Covid-19: What you need to know today
The death toll from the coronavirus disease (Covid-19) crossed 100,000 on Friday. In some ways, this is just a number, and perhaps an underestimate at that. It’s a truth universally acknowledged that every country in the world has undercounted the number of dead from the viral pandemic – not deliberately all the time, but simply because it is tough to keep count. India is no exception – Dispatch 158, on September 15, estimated (based on an assumption on the infection fatality rate) that India, at the time of that writing, had seen between 110,000 and 131,500 deaths, significantly higher than the 80,000 that were officially recorded. Still, 100,000 is a milestone even if not a happy one. India is now the third country in the world, after the US and Brazil, to have deaths in the six-digits.
Perhaps because of India’s vast population, or our almost automatic acceptance of fatalism, we find it easy to anonymise deaths and reduce them to mere numbers. We are inured to headlines such as “45 dead in boat accident” or “Floods claim 140 lives”. These headlines are made up, but they will likely be familiar to most people. Sometimes we stop and read a piece that’s extremely tragic or horrific, but then we move on (as, indeed, many believe that we should).
The deaths of famous people are different – because suddenly, the death is no longer a mere number. It is a person, a famous person, an artist or a singer who perhaps touches our lives every day (as many do long after they are gone). These are extraordinary people, who lived extraordinary lives. But all lives, even ordinary ones, are extraordinary in their own way – and not just to the family and friends of the deceased. Each of the 100,000 is a life lost – and each (it’s important to acknowledge this because of our fatalism) could have been saved.
Old and young, men and women, the fit and the not-so, rich and poor, famous and unknown – the virus has killed over 100,000 people in the country (India’s death toll on Friday night was 100,896). Policemen (and policewomen), doctors, politicians, teachers, farmers, couriers, pensioners, businesspeople, students, cab drivers, journalists, priests – the virus has taken a toll on people from every walk of life. And it will continue to.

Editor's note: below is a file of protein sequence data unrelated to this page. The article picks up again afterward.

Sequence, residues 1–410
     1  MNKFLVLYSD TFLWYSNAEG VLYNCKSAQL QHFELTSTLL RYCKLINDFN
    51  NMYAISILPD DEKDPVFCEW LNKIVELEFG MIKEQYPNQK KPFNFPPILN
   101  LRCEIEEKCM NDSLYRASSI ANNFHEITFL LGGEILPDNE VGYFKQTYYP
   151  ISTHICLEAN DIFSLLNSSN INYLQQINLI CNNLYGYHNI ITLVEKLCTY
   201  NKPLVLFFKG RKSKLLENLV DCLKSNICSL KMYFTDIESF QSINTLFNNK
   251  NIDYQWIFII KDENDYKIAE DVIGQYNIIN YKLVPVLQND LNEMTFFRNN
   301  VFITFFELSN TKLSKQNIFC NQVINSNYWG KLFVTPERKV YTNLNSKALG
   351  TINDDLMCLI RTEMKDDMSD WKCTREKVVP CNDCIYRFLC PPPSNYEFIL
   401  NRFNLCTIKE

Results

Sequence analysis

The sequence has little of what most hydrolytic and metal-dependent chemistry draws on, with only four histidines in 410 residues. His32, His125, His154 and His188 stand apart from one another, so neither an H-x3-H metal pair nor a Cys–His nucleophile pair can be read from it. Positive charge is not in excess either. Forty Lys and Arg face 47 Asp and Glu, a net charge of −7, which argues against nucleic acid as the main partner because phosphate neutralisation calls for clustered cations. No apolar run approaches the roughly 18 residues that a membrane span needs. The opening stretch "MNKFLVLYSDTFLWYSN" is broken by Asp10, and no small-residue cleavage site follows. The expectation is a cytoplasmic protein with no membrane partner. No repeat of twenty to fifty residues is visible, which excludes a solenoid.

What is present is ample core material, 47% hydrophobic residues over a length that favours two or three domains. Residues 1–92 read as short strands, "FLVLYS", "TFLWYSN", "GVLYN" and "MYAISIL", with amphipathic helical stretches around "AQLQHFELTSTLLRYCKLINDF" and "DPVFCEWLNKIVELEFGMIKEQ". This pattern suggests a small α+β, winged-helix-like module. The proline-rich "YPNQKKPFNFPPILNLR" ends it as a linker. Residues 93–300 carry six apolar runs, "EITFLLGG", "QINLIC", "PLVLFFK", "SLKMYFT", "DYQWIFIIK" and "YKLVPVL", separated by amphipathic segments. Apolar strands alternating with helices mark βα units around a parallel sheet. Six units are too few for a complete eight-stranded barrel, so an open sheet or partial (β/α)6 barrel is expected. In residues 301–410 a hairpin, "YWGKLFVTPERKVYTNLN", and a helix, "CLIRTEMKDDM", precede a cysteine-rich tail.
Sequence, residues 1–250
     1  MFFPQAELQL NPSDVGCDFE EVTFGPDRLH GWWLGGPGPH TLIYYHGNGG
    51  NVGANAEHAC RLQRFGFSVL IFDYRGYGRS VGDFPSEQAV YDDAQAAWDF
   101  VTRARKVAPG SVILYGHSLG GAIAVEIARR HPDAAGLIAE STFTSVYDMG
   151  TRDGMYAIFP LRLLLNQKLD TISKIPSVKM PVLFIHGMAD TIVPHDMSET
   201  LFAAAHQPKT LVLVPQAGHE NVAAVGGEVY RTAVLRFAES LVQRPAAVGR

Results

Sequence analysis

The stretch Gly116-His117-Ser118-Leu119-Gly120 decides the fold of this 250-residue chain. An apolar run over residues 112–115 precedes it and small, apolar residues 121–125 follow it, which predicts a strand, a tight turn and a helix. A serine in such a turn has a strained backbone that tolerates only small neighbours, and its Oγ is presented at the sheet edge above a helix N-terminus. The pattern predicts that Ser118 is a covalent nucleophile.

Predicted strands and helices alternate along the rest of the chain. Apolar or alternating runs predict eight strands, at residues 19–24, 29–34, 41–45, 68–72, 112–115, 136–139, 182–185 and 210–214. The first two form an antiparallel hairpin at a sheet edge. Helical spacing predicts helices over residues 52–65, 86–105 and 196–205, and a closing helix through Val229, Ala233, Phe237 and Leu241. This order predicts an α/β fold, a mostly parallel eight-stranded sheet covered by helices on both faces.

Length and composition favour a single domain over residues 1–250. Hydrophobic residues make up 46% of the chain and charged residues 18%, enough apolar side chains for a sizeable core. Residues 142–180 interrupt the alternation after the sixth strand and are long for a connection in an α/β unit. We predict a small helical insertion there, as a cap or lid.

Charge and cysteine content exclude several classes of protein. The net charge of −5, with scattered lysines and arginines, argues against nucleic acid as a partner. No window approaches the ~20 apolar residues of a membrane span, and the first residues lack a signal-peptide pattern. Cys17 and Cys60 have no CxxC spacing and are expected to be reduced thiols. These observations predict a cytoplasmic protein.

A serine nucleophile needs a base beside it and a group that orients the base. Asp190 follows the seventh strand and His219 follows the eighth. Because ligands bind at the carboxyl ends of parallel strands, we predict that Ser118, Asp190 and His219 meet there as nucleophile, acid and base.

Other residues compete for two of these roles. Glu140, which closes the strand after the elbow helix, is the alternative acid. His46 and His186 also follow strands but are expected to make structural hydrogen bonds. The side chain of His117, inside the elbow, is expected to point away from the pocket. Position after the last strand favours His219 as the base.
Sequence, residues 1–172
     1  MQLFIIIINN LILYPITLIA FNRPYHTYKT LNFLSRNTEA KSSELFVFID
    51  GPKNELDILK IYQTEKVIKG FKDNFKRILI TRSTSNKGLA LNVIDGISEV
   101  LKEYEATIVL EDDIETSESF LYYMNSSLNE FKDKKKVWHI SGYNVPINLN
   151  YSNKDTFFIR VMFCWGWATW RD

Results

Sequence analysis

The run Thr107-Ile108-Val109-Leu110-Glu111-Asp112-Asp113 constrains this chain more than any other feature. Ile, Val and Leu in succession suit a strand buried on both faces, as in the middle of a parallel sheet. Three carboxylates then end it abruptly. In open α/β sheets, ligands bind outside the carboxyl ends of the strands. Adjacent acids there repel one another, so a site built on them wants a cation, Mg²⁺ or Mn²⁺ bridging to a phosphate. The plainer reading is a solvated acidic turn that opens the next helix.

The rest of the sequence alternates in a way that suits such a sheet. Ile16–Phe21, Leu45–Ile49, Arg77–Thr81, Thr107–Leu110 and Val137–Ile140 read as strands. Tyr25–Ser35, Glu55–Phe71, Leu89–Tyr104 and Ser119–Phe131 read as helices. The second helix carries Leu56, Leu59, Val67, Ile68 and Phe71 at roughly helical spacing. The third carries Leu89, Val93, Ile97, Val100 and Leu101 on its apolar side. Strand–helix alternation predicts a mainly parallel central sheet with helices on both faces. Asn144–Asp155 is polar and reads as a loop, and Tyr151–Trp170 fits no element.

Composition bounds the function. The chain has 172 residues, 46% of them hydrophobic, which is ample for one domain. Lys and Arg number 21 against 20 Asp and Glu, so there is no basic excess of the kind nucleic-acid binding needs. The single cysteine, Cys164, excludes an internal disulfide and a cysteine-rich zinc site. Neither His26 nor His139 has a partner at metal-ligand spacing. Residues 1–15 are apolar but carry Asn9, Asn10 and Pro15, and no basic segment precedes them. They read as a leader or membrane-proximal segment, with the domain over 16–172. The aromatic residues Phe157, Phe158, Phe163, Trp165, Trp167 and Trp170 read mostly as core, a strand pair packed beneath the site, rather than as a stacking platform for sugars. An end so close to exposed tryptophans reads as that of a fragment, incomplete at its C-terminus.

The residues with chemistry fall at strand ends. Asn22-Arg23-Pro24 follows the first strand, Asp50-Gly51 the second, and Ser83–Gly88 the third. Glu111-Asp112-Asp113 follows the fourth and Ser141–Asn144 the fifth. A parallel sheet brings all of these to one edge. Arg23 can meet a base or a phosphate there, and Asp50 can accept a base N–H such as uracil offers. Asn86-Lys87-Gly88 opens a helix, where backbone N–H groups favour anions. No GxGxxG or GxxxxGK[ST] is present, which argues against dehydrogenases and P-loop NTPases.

Among infectious diseases, tuberculosis and respiratory infections still kill more in India, as do many so-called lifestyle ailments such as diabetes, but these comparisons do nothing to reduce the grimness of the Covid-19 death toll. Since September 5 (and till October 1), India has recorded fewer than 1,000 deaths on only three days. The current seven-day average of daily cases in India is around 80,000; at the current case fatality rate of 1.5%, this will translate into 1,200 deaths a day in the next few weeks. In effect, every day that sees the addition of 80,000 cases is actually foretelling 1,200 deaths. This is one of the three numbers India’s health administrators need to focus on – instead, there’s a lot of talk of the recovery rate (which does not make sense because if the case fatality rate is only 1.5%, we can expect 98.5% of those infected to recover over time). The two other metrics the administrators need to keep an eye on are: the number of tests (and within that, the number of RT-PCR tests); and the number of active cases.
India crossed 50,000 deaths (50,084) on August 15, when it had 2.5 million cases (2,589,208). It crossed 100,000 deaths on October 2, when it had 6.5 million cases. It has added roughly 50% of the deaths it has seen to date in the same time that it has added around 62% of the cases. In the same period, the world has added 38% of the cases it has seen to date, and 24% of deaths.
An even better comparison would be to see the proportion of cases the world has added in the time it has seen roughly half the deaths to date. It crossed 500,000 deaths on June 25, when it had 9.6 million cases. It crossed a million deaths on Tuesday (by which time the number of cases had grown to 33.38 million). In effect, world had added 70% of the cases to date in the same period in which it added half the deaths to date.
In September, India added 33,273 deaths (33.7% of its deaths till September 30) and 2.6 million cases (41.56% of its cases), for a case fatality rate of 1.28%. In the same period, the US added 1.2 million cases (16.25% of its cases till September 30) and 23,917 deaths (11.3% of its deaths) to its tally for a September case fatality rate of around 2%.
The good news for India: the case fatality rate of 1.28% is not very far from the 1% the government wants to touch. The bad news: September saw one of every three deaths from Covid-19 the country has seen so far.
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